Superflares are very strong explosions observed on stars with energies up to ten thousand times that of typical solar flares. The stars in this class satisfy conditions which should make them solar analogues, and would be expected to be stable over very long time scales. The original nine candidates were detected by a variety of methods. No systematic study was possible until the launch of the Kepler satellite, which monitored a very large number of solar-type stars with very high accuracy for an extended period. This showed that a small proportion of stars had violent outbursts, up to 10,000 times as powerful as the strongest flares known on the Sun. In many cases there were multiple events on the same star. Younger stars were more likely to flare than old ones, but strong events were seen on stars as old as the Sun.
Cassini launched aboard a Titan IVB/Centaur on 15 October 1997, Cassini had been active in space for nearly 20 years, with 13 years spent orbiting Saturn, studying the planet and its system since entering orbit on 1 July 2004. The voyage to Saturn included flybys of Venus (April 1998 and June 1999), Earth (August 1999), the asteroid 2685 Masursky, and Jupiter (December 2000). Its mission ended on 15 September 2017, when Cassini flew into Saturn’s upper atmosphere and burned up at a very high temperature, in order to prevent any risk of contaminating Saturn’s moons, some of which have active environments that could potentially bear life. (At that point Cassini lacked sufficient power to leave the Saturn system so it could only be left in orbit where it might collide with a moon or be destroyed). The mission is widely perceived to have been successful beyond expectation. Cassini-Huygens has been described by NASA’s Planetary Science Division Director as a “mission of firsts”, that has revolutionized human understanding of the Saturn system, including its moons and rings, and our understanding of where life might be found in the Solar System.
Cassini‘s original mission was planned to last for four years, from June 2004 to May 2008. The mission was extended for another two years until September 2010, branded the Cassini Equinox Mission. The mission was extended a second and final time with the Cassini Solstice Mission, lasting another seven years until 15 September 2017, on which date Cassini was de-orbited by being allowed to burn up in Saturn’s upper atmosphere.
The Huygens module traveled with Cassini until its separation from the probe on 25 December 2004; it was successfully landed by parachute on Titan on January 14, 2005. It successfully returned data to Earth for around 90 minutes, using the orbiter as a relay. This was the first landing ever accomplished in the outer Solar System and the first landing on a moon other than our own. Cassini continued to study the Saturn system in the following years.
At the end of its mission, the Cassini spacecraft executed the “Grand Finale” of its mission: several risky passes through the gaps between Saturn and Saturn’s inner rings. The purpose of this phase was to maximize Cassini‘s scientific outcome before the spacecraft was destroyed. The atmospheric entry of Cassini effectively ended the mission, although data analysis and production will continue afterwards.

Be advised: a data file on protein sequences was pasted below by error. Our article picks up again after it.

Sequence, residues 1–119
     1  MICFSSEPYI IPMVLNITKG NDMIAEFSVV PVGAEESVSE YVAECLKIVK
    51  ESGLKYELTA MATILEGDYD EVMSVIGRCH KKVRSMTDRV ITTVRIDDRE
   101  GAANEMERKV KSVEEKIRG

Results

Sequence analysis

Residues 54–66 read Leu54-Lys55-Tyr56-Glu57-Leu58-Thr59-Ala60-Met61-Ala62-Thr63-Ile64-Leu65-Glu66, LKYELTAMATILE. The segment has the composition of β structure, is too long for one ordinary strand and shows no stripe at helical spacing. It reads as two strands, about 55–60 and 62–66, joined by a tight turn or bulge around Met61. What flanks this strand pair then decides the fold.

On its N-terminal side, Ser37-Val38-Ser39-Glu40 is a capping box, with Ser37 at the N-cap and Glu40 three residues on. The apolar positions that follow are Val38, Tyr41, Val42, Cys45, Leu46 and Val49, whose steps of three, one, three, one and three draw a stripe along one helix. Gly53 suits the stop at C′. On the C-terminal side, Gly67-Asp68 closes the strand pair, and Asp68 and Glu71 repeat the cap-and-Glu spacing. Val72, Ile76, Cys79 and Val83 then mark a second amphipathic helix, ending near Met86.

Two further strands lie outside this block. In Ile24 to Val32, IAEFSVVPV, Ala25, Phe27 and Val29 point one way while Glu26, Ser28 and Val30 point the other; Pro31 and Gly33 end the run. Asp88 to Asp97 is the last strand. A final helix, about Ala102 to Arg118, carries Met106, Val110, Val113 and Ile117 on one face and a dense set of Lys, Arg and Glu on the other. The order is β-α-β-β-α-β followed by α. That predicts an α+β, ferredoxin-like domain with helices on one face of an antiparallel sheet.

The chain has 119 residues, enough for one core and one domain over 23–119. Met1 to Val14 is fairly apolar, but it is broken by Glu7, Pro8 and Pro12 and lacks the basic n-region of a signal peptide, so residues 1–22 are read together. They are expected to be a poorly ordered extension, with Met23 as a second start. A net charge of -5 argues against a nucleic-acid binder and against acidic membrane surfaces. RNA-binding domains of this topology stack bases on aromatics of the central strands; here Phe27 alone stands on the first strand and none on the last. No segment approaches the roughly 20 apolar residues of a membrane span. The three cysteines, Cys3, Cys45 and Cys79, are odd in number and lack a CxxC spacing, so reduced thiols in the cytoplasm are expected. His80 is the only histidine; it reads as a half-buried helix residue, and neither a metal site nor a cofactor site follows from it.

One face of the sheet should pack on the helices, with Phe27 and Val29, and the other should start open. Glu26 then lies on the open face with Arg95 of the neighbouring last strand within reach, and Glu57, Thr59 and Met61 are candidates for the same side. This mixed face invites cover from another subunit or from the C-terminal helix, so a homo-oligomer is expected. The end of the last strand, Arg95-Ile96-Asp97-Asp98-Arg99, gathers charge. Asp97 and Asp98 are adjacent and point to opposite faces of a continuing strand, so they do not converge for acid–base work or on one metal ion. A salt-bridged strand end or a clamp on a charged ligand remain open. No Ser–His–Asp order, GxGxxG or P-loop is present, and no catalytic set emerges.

Haloed – Esper
somejerk – Savage
Anomalie – New Space
MACROSS 82-99 – Fugaz (feat. mothica)
The Polish Ambassador – Ritual Revival
Deeb – Fluid Dynamics
Kuartz – She Want A Condo In New York
Dday One – Everyday
Chairman Maf – SMiLES
Madvillain – Accordian (Instrumental)
Nicola Cruz – Invocacion
Jay Dee – Lightworks
Danny Brown – Grown Up (Instrumental)
Danny Brown – Grown Up
Pretty Lights – Lost and Found (ODESZA Remix)
La Fine Equipe – Move Out
Waajeed – The Doo Wops
Commodo – Itchin
Nosaj Thing – Nowhere
Waajeed – The Dragon
Jay 5ive & Kromestar – Wishful Thinking (Om Unit remix)
The first direct gravitational wave observation was made on 14 September 2015 and was announced by the LIGO and Virgo interferometer collaborations on 11 February 2016. The waveform, detected by both LIGO observatories, matched the predictions of general relativity for a gravitational wave emanating from the inward spiral and merger of a pair of black holes and subsequent “ringdown” of the single resulting black hole. The signal was named GW150914 (i.e., “Gravitational Wave 2015–09–14“). This was also the first observation of a binary black hole merger, demonstrating the existence of binary stellar-mass black hole systems, and that such mergers could occur within the current age of the universe.
This first observation was reported around the world as a remarkable accomplishment for many reasons. Efforts to prove the existence of such waves had been ongoing for over fifty years, and the waves are so minuscule that Einstein doubted they could ever be detected. The waves given off by the cataclysmic merger of GW150914 reached Earth as a ripple in space-time that changed the length of a 4-km LIGO arm by a tiny fraction of the width of a proton, proportionally equivalent to changing the distance to the nearest star by one hair’s width. The energy released during the brief climax of the event was immense, with about three solar masses converted to gravitational waves and radiated away at a peak rate of about 3.6×1049 watts — more than the combined power of all light radiated by all the stars in the observable universe. The observation was also heralded as confirming the last remaining unproven prediction of general relativity, and validating its predictions of space-time distortion in the context of large scale cosmic events, as well as inaugurating a new era of gravitational-wave astronomy, allowing probing of violent astrophysical events unobservable until now.